Saved from the Streets Before Starving to Death
Joey, a young Labrador Retriever/Beagle mix, was found alone and in pain on the streets of Tennessee. Weak and severely malnourished, he was struggling to just stay alive.
Luckily, a Good Samaritan took Joey in and contacted Rescue Dog, North Shore Animal League America’s partner shelter, who immediately picked him up, and reached out to our Rescue Team for help. Due to issues with weather and the current pandemic, Joey remained at Rescue Dog as they worked to address his low weight.
When he finally arrived at our Port Washington, NY campus, it was obvious to the veterinary team that Joey had been starving. On arrival, he was still underweight, but you could tell he put on a bit of weight since he was first found. “When animals are very thin like Joey is, we want them to put weight on very slowly. The natural inclination is that you want to give them all the food they’ve been deprived of,” said Dr. Marina Tejada, Supervising Veterinarian at Animal League America’s Pet Health Center. “Unfortunately, when a body’s been in starvation mode for so long, it can get used to that and there can be a lot of electrolyte imbalances.”
She further explained how the recovery from starvation involves feeding small amounts of food multiple times a day and this allows the electrolytes to even out in a slow progression. Joey still needs to put on more weight to be healthy again.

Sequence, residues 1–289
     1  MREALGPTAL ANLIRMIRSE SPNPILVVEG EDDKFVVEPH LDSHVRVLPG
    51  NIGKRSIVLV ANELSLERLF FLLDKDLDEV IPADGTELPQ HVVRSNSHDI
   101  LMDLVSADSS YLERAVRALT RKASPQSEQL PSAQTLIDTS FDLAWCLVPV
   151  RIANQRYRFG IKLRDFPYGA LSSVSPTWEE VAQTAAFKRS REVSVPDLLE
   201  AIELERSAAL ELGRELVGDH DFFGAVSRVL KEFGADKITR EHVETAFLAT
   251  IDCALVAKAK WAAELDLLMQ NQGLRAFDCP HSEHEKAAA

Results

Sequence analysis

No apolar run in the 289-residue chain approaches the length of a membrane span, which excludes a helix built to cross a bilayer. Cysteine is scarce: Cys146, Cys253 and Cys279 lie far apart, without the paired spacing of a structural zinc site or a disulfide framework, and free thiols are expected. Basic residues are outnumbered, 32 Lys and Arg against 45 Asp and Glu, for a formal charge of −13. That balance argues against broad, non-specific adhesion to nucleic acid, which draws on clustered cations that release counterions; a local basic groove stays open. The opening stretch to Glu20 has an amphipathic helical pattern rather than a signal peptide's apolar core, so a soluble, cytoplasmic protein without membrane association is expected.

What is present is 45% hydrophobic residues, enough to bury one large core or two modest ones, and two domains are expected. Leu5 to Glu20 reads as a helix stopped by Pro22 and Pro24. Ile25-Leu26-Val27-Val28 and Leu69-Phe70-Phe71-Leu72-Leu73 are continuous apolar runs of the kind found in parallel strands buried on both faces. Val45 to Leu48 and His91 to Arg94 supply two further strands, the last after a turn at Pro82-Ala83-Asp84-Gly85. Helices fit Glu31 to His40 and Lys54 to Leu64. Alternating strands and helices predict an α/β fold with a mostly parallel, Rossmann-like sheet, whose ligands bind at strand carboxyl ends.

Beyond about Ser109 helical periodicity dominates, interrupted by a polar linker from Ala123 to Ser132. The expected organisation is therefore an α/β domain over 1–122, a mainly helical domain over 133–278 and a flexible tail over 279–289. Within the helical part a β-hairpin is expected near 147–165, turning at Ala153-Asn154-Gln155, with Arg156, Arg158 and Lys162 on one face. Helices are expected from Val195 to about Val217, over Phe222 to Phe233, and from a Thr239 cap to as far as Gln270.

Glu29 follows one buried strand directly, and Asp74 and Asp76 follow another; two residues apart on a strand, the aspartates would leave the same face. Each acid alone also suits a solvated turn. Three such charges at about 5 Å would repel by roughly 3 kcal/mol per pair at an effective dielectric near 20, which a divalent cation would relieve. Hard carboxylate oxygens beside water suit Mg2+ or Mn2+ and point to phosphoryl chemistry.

When Rescue Dog’s staff in Tennessee noticed that Joey had an abnormal walk, they had x-rays done on his back left leg. They showed that there was a fracture of his femur right at the very top of the femoral head. “The hip normally acts as a ball-and-socket type of joint. The femoral head usually fits nicely into the joint, but because of the fracture, it’s not really attached in the appropriate fashion,” stated Dr. Tejada. “He will need a femoral head ostectomy (FHO) to remove the part of the bone that’s fractured. What ends up happening is that the muscle will grow over time and it causes some scarring and that almost forms an artificial hip joint.” Joey is able to put some weight on the leg now and use it, but it could become problematic. The goal now is to get the FHO procedure done in the next few days in the hopes of eliminating any long-term chronic issues like arthritic changes.
Joey is a very sweet boy and he’s been settling in and getting used to the sights and sounds here on our campus since he arrived. The recovery time for this type of surgery is about 6 – 8 weeks. After his procedure, Joey will go into a foster care home where he will continue with his rehabilitation. Soon he’ll be able to use his leg again with no issues. Then Joey will be ready to find the home that he deserves.
As a member of our Help Me Heal Program, Joey will receive all the care and compassion he needs to get back on his feet. Your support of this vital program makes it possible for animals like Joey to get the lifesaving care they need, no matter where or when they need it.